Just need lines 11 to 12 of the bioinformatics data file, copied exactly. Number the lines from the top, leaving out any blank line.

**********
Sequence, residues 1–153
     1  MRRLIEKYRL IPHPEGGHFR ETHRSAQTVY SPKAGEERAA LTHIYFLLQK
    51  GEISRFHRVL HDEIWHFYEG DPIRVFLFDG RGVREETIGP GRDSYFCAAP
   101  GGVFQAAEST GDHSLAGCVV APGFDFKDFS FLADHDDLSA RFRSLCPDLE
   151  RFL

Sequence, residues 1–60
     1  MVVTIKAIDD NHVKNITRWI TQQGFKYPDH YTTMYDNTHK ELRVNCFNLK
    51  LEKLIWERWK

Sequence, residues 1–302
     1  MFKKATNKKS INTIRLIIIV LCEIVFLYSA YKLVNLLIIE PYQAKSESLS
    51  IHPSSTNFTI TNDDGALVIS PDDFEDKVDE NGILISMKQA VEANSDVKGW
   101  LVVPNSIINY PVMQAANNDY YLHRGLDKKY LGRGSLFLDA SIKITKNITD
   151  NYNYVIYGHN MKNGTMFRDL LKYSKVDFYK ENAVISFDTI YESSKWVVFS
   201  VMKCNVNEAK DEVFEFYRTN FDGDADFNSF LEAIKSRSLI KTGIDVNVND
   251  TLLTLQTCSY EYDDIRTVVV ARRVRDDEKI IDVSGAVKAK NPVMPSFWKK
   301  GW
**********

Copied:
    51  IHPSSTNFTI TNDDGALVIS PDDFEDKVDE NGILISMKQA VEANSDVKGW
   101  LVVPNSIINY PVMQAANNDY YLHRGLDKKY LGRGSLFLDA SIKITKNITD